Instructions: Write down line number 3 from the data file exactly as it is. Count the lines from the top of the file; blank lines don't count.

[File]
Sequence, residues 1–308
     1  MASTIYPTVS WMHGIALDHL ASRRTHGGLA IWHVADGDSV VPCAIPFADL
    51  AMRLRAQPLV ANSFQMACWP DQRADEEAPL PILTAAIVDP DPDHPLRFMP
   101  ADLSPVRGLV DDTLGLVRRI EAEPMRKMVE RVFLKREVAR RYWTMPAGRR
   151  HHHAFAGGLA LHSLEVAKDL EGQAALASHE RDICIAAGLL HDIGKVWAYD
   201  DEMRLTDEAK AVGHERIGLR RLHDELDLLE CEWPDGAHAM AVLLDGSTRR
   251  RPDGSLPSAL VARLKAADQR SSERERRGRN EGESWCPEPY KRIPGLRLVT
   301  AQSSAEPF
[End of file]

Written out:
    51  AMRLRAQPLV ANSFQMACWP DQRADEEAPL PILTAAIVDP DPDHPLRFMP